Beginning in Westchester County, about 35 miles north of New York City, the Hudson Valley is a convenient escape from the hustle and bustle of the nation’s largest city. Stretching nearly 150 miles to the capital city of Albany, the fertile valley is filled with family farms, orchards and vineyards committed to regenerative farming practices and sustainable food production.
In the small towns on both sides of the Hudson River, you’ll find a variety of cafes, coffee shops, bistros, and fine dining restaurants, almost all of which use local, seasonal ingredients that bring out the flavors of the region.
Whether you’re looking for a nice cup of coffee to start your day, a leisurely brunch, a quick bite, a gourmet meal, or a delicious scoop of ice cream, you’re sure to find it at one of my Hudson Valley favorites. restaurants!
Note: Since I recently visited the Hudson Valley on a road trip that started in Albany, my favorite restaurants in the Hudson Valley are listed from north to south.
If a visit to New York’s castle-like Romanesque capitol doesn’t make you feel like you’re in Europe, then walking into Athos Restaurant is sure to transport you to the Greek Isles. With food as delicious as anything I’ve experienced in Greece and friendly, attentive service, you’d be hard-pressed to find a better Greek restaurant this side of the Atlantic.
My favorite appetizers include the sampler plate of Greek spreads (hummus, tzatziki, and hot pepper), the tableside cheese flambé with ouzo, and the grilled octopus. When it comes to mains, all the Greek classics are out of this world, and you’re sure to love the moussaka, pastichio, or souvlaki. Or let your taste buds take a quick trip across the Ionian Sea to Italy with branzino.
With so many delicious options and generous portions, it’s easy to fill up at Athos, so be sure to save room for dessert! With almonds and walnuts filling layers of honey-soaked phyllo pastry, baklava is a classic choice. Or go for the loukoumades, fried dough puffs served with walnuts and cinnamon.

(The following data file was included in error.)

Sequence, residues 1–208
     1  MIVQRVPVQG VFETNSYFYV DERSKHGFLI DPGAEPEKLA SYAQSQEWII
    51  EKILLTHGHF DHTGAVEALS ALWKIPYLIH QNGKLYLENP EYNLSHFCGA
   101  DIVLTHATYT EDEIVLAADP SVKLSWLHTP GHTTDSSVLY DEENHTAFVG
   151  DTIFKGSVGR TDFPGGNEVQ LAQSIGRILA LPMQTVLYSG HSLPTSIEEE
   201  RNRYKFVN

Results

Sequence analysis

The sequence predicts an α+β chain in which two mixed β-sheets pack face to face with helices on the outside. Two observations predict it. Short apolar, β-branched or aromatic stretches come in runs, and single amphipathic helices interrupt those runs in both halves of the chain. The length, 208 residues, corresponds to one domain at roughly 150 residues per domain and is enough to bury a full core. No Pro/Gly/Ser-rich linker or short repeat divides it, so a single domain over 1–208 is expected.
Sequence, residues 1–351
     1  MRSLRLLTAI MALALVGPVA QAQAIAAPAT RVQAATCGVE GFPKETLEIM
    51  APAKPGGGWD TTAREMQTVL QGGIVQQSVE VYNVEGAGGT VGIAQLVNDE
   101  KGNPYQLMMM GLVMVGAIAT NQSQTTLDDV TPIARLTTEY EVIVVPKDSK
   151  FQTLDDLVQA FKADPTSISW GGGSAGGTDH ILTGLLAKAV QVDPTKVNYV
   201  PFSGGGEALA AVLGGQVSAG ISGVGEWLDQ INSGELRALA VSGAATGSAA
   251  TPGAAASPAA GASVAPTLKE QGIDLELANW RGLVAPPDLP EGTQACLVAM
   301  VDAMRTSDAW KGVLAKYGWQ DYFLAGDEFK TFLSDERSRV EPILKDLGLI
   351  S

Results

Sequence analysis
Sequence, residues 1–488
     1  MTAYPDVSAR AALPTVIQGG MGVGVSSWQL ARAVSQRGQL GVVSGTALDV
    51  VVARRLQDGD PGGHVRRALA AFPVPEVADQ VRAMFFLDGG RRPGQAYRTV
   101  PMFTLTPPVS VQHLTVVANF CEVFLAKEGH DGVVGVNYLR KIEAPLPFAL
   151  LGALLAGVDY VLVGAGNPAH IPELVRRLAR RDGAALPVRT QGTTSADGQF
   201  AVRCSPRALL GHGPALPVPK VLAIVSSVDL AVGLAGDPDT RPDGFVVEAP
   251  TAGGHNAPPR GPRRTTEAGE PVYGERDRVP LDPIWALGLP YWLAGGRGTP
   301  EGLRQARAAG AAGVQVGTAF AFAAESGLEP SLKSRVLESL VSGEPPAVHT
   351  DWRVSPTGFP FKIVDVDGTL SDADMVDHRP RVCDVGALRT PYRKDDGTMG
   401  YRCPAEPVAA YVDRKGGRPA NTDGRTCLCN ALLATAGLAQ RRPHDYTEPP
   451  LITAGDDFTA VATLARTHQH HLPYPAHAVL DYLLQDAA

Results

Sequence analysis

Pro tip: If you’re looking for a quicker, lighter meal, sit at the bar and order from the tavern menu. Athos offers four types of gyro sandwiches: beef, chicken, lamb, and salmon, plus oregano fries that hit the spot!
2. Iron Gate Cafe
As soon as you walk through the iron gate entrance of Iron Gate Cafe, you immediately trade Washington Avenue traffic for a tranquil garden patio and the rhythm and blues-infused Elvis rock and roll tunes. If you choose to dine indoors, you’ll enjoy your meal in the historic James Holroyd Mansion, with fine woodwork and detailed fireplaces created by the same European craftsmen who worked on the New York State Capitol.
In addition to classic breakfast items, the cafe also has foodie-friendly menu items, including raspberry brie French toast and La Bella Benedict, which swaps a warm buttermilk biscuit for an English muffin and substitute sliced applewood-smoked ham for prosciutto.
If you visit the Iron Gate Cafe for lunch, try the Mother Clucker, a delicious sandwich featuring a fried chicken thigh, cherry peppers, shredded lettuce, pepper jack cheese, chipotle aioli, and a fried egg on toasted ciabatta. And if you’re visiting the Hudson Valley with food allergies or dietary restrictions, you’ll be happy to know that Iron Gate Cafe also offers a nice selection of vegan and gluten-free dishes.
Pro tip: Iron Gate Cafe is across the street from the Albany Institute of History and Art, making it a great place to recharge before learning more about life in the Upper Hudson Valley for the past two centuries.
3. Gracie’s Lunch
This food truck turned brick-and-mortar restaurant makes everything from scratch, including ketchup! If you’re like me and happily eat a flakey cookie or fluffy plate of scrambled eggs anytime, you’ll be glad to know that Gracie’s Luncheonette serves breakfast all day. And if you prefer a delicious diner-inspired comfort food made with locally sourced ingredients, you’ll be equally delighted. Whether you opt for a full breakfast, grilled pulled pork mac and cheese, a Fried Green Tomato BLT, or another delicious entrée, don’t leave without trying a donut!
Pro tip: Just 10 minutes from Olana State Historic Site, Gracie’s Luncheonette is a great spot for lunch before or dinner after visiting the beautiful Victorian and Persian home of Hudson River Valley artist Frederic Church.
4. Alley Ice Cream